If you need to transport your goods through the United States, you will almost certainly come across the term “in-bond shipment” or “customs bond.” In this blog post, we will define what in-bond shipment is and what you need to know about it. Furthermore, we will explain who is responsible for opening and canceling bonds when shipping in-bond shipments.
What are in-bond shipments?
In-bond shipments are those that are stored or shipped through the United States but do not clear customs because the goods are intended for commercialization in another country, such as Canada. In this case, shipments passing through the US border will be exempt from paying duties, taxes, and other customs-related fees. In-bond shipments must be transported by bonded carriers or stored in bonded warehouses in the U.S.
A Transportation and Exportation Bond, or T & E, is required if the shipment is transported through two points within the U.S. before being exported to another country.
An Immediate Transportation Bond (IT) is required when the shipment is transported between two points of entry within the customs territory of the United States in order to enter the destination port.
An example of in-bond shipment:
An LTL shipment that departed from Mexico but was transported by land through the U.S. to export the shipment to Canada.
How does in-bond freight shipping services work?
When the bonded carrier reaches the border, they can declare the shipment as an in-bond shipment by noting it on their ACI eManifest and providing the officer with a Paper A form. The commodities will then be authorized for transit by Canada Border Services, allowing them to be delivered to a specific bonded warehouse or another CBSA location to await customs clearance. The in-bond carrier must then wait for the Customs Broker to file a formal entry before the items can be withdrawn from the in-bond warehouse and delivered to the consignee. Only a bonded carrier is permitted to use the in-bond shipment process; therefore, choosing the correct freight carrier is crucial when you want to ship across the border.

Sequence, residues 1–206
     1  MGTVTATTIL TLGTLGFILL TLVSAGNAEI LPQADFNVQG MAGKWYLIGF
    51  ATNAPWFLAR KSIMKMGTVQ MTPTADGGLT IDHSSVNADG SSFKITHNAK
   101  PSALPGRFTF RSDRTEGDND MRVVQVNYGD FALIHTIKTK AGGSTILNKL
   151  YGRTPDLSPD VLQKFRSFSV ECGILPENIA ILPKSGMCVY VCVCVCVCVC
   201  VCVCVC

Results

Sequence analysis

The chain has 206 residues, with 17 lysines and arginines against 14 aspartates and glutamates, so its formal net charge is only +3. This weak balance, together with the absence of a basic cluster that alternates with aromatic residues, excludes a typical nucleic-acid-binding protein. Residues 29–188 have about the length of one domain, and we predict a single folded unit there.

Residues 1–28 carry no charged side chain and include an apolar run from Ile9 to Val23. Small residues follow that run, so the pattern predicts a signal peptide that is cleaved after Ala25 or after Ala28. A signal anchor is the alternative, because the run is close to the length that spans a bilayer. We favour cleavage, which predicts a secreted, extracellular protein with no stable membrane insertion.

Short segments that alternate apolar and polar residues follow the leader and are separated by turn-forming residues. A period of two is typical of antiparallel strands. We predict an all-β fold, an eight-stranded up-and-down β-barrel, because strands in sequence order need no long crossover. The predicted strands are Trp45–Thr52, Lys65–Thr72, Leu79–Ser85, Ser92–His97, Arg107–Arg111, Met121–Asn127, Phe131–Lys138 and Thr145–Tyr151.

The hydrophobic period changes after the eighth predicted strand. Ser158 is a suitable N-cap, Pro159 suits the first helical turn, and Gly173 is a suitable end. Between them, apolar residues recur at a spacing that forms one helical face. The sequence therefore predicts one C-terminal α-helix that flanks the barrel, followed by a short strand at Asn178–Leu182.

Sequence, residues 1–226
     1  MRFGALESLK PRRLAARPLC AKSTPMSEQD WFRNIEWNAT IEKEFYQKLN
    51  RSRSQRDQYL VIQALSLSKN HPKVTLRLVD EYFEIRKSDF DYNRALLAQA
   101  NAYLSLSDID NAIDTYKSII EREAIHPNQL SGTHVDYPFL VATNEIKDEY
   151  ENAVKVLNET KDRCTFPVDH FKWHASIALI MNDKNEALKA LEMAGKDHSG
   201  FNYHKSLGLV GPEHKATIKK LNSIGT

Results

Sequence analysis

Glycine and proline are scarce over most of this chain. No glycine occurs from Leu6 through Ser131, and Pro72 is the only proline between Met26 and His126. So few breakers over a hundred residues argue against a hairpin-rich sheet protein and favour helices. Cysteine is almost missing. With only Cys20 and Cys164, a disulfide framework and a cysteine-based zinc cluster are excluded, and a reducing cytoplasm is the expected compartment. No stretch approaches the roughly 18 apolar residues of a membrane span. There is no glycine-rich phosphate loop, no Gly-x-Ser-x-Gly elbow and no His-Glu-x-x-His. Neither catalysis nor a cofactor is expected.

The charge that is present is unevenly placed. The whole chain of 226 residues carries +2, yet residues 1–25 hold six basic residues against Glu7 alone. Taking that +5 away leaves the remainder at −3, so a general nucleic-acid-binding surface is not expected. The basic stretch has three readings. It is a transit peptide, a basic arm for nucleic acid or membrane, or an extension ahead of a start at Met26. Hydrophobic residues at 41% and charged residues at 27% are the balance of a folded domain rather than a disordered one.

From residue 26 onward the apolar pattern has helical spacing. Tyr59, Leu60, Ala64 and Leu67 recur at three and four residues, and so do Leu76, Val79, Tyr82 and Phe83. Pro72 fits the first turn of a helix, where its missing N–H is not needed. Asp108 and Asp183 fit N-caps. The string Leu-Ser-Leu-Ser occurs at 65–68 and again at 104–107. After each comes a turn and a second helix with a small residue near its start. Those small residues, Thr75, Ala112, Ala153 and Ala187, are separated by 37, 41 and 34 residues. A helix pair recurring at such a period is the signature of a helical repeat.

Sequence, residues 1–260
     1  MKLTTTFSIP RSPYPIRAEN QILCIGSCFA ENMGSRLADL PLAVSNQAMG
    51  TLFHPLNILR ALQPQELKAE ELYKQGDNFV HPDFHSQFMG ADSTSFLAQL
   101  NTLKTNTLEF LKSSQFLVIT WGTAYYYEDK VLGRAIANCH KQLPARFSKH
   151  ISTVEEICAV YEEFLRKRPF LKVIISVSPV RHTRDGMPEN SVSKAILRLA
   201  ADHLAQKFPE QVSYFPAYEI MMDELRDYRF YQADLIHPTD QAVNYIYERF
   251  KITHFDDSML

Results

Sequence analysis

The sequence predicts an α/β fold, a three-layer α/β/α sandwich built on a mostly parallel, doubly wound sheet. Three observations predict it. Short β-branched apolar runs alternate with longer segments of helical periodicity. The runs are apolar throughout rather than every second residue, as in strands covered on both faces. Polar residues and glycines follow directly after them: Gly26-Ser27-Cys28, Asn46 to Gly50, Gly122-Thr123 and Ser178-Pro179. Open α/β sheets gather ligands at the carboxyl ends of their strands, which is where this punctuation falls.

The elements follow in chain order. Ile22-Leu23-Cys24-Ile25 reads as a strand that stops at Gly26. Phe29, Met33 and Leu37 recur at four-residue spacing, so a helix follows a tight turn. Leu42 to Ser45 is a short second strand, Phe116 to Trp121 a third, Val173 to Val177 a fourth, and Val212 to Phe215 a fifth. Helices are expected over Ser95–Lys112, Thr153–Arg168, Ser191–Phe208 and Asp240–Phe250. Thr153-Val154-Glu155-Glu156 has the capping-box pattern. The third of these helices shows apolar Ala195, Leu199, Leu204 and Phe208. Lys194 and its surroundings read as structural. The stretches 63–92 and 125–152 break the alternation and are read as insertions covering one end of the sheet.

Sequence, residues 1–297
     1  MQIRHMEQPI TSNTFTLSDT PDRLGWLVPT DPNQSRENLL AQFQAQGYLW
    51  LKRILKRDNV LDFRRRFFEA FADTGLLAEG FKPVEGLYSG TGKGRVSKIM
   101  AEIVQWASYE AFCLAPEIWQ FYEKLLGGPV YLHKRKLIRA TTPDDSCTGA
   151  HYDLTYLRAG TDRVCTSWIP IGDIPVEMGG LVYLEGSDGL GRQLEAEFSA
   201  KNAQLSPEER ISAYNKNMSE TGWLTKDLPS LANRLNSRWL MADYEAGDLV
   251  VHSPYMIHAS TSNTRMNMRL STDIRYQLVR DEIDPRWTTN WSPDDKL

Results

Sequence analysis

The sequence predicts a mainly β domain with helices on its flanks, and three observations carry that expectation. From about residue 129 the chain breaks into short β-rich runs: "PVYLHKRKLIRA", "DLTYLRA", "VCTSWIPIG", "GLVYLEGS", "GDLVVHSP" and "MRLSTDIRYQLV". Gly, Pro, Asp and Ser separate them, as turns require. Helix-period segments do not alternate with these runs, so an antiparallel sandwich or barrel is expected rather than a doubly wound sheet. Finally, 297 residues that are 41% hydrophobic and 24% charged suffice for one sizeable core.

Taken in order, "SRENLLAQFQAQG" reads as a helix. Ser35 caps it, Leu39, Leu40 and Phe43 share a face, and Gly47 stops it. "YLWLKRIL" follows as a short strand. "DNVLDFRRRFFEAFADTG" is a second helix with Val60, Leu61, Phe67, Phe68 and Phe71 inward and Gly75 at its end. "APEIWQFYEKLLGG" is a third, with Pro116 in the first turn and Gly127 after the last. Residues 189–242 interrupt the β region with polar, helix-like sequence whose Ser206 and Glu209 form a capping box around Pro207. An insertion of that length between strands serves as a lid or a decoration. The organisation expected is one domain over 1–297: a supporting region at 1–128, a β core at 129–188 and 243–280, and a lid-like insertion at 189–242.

What are the differences between in-bond and cross-border transportation?
Costs for in-bond shipment vary based on the size of your freight shipment and its location. In-bond shipment can be time consuming and labor-intensive when compared to cross-border transportation. Here are some distinctions:
- The freight carrier is unable to clear customs straight at the booth and must park in the customs area rather than proceed to the consignee.
- The freight transporter must create an A8A bond and is subject to Customs Office wait delays.
- Because the trailer is sealed, the freight carrier must report directly to an in-bond warehouse.
- The in-bond warehouse must unload and segregate the in-bond freight.
- The freight carrier must resubmit the in-bond data to the customs broker.
- While awaiting inspection or clearance, in-bond warehouse storage fees may apply.
- Once released, the freight shipment must be picked up and re-delivered.
How SFI can help
With over 8 years of freight forwarding experience, we can meet all of your needs for transporting in-bond shipments. We already have a network of in-bond carriers and warehouses in place to provide you with the most cost-effective way to deliver your in-bond shipments. Please contact us if you have any questions about our freight forwarding services.